If you are telling dad that he is super, you better buy him the authorized shirt. DC Comics has filed a lawsuit for counterfeiting, trademark and copyright infringement over a shirt that features the word “dad” in a Superman-styled logo.
The first story of Superman was published back in 1938 and since that time he has sported different but similar versions of the Superman logo. The logo is iconic and features the letter “S” in a five-sided diamond.  Over the years the colors have changed but mostly remain yellow and red. There is no doubt that the logo is one of the most famous and endearing trademarks in the world. The Superman logo can be seen on about every product imaginable and DC Comics owns several registered trademarks for the logo and copyright registrations for the design.
Defendant, Mad Engine, Inc., is a California apparel company that sells product to such retailers such as Target, Walmart and Amazon.com. On its website, Mad Engine claims that it is a leading licensed apparel wholesaler of many famous brands including Star Wars and Marvel Comics but not so when it comes to DC Comics products. Mad Engine started distributing, without permission from DC Comics,  its “dad” shirt that is an obvious play of of the Superman logo.  DC Comics also has its own licensed “Super Dad” shirt that can be seen to the right in the image below. DC Comics claims that mad Engine’s “dad” shirt is infringing both DC Comic’s trademarks and copyrights. DC Comics seeks damages, its costs including attorneys’ fees and wants the “dad” shirts destroyed.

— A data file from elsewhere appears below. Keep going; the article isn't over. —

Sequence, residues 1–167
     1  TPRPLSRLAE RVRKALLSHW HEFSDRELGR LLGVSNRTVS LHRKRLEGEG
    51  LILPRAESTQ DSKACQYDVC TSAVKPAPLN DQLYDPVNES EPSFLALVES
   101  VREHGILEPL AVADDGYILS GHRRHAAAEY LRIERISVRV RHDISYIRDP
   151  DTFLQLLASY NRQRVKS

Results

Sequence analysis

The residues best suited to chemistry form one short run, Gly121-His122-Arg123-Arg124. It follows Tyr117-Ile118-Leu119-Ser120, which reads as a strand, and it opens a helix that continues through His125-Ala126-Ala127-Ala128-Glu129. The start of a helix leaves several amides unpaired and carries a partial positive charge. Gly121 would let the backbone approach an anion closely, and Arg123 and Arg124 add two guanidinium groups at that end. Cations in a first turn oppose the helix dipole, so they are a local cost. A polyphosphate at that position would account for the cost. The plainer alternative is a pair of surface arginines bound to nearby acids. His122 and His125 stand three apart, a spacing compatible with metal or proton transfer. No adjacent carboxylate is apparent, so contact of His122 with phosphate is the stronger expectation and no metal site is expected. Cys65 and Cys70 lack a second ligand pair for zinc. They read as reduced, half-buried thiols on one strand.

In an interesting move, DC Comics claims that the “dad” logo is a counterfeit of the Superman logo. The Lanham Act defines a “counterfeit” as a spurious mark which is identical with, or substantially indistinguishable from, a registered mark. So when looking at the two logos, do you consider the “dad” logo to be either identical or substantially indistinguishable from the Superman logo? To establish trademark infringement, DC Comics must show that the two marks are confusingly similar.  To establish copyright infringement, DC Comics must show that the two logos are substantially similar. I think these last two claims are more easily established than counterfeiting.  If Mad Engine defends this action, they can assert a defense of parody and maybe argue that the logos are not similar at all.
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